WELL over 250 farmers attended a number of dairy seminars last month with venues throughout Devon and Cornwall, hosted by animal feed compounders Harpers Home Mix Ltd, and with a theme of 'The Economics of Feeding Cows at Grass''.

The audience heard an upbeat introduction from sales director Glen Johns, who stated that although European liquid milk consumption had dropped slightly, world wide consumption had risen by 11.6% since 2003 and was likely to continue as both Indian and Chinese diets were becoming more "westernised".

"It does not stop at milk,'' he continued, "with the world population predicted to increase by 50% by 2050, the demand on farmers to produce extra food for these developing countries will be quite immense, and although it is seemingly quite tough out there at the moment, all agricultural sectors will grow and opportunities will arise,'' he said.

Pete Davis, Harpers new ruminant nutritionist then kicked off by highlighting the importance of grass and ultimately, it's management. He also fully endorsed the claim that there are real opportunities out there, now, to make profit. How? Quite simply - keep it simple! Make your management easier and ensure that there are three active members within your management team - The farmer (you!), the nutritionist and the vet. Between the three of you, a significant number of potential problems can be highlighted and virtually eliminated before they even arise.

Forage management starts with much better utilisation of slurry and with current fertiliser prices as they are, this extremely valuable commodity must be used much more efficiently than it has thus far in order for farmers to reap the financial benefits. With 1,000 gallons of undiluted slurry offering a potential 30 units of N', 10 units of P' and 50 units of K', it is quite easy to calculate its true value, but unfortunately, and more often than not, slurry is applied in a somewhat haphazard way and valuable nutrients are lost to the air or leached off the land before being fully incorporated into the soil.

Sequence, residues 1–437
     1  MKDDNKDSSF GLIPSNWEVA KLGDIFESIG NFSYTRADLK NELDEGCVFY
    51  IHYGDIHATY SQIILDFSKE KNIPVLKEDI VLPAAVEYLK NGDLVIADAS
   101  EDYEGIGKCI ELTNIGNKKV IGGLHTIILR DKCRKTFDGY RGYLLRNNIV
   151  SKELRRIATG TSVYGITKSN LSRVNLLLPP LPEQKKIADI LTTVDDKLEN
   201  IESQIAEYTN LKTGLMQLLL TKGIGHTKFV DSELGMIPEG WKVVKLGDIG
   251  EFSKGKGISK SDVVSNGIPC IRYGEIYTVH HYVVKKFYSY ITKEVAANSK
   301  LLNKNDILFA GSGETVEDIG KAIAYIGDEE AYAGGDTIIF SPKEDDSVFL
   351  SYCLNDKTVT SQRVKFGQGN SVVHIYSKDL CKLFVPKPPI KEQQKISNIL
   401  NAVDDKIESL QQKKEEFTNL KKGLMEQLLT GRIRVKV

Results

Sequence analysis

Grassland management really is the key to profitability and farmers must try and ensure that they utilize their grazing to it's maximum. Even with nitrogen costing £280 per tonne, there will be a return of 12:1 in terms of yield from grass. Quality is absolutely crucial and farmers were encouraged to keep their spring grass fresh and to control it with a topper if necessary, should it start to get ahead of the cows. There is always the temptation to over-estimate the value of spring grass, especially on older swards and farmers were told not to expect more than 12 litres per day. Dry matter intakes are always enhanced by good, young, fresh and sugary grass and cows can quite realistically consume 15 kgs of 20% dry matter which would equate to 75 kgs of fresh weight.

If, and on the other hand, these same cows were turned into a field of much poorer grass where the dry matters could quite easily be as low as 15% (this factor also applies to good quality grazing on a wet day), those cows would have to consume over a third more fresh weight in order to achieve the same 15 kgs of dry matter - and that, the audience was told, was almost impossible.

A dairy cow just could not eat 100 kgs of fresh grass plus concentrate, without cow health, fertility and performance being compromised. Grazing swards must contain a high percentage of ryegrass in order to maximise dry matter intakes and so when farmers are re-seeding, they are strongly advised to go for specialist mixtures which are formulated to produce the maximum amount of forage for a specific purpose. As an example, Pete Davis said that where silage was taken from a long term permanent pasture type, the feed values would be extremely variable because the composition of the sward was so variable. If, however, a farmer was using a mixture that had been specifically formulated for cutting and had grasses with a close range of heading dates, then the feed values would be more likely to be uniform throughout the clamp and make the job of forage management much easier and much more meaningful. Even assuming that top quality grasses are ensiled with appropriate figures appearing on the all important Forage Analysis Sheets, it can still go wrong as poor clamp management will inevitably lead to poor quality silage, which, in turn will result in reduced dry matter intakes, reduced yields and, most importantly, reduced profits.